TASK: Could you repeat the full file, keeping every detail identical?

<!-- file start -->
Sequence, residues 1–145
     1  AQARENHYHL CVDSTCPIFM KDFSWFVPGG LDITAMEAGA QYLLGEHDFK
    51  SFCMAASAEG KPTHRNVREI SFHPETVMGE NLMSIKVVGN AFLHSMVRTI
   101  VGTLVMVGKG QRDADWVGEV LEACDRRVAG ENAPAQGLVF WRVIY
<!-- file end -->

Sequence, residues 1–145
     1  AQARENHYHL CVDSTCPIFM KDFSWFVPGG LDITAMEAGA QYLLGEHDFK
    51  SFCMAASAEG KPTHRNVREI SFHPETVMGE NLMSIKVVGN AFLHSMVRTI
   101  VGTLVMVGKG QRDADWVGEV LEACDRRVAG ENAPAQGLVF WRVIY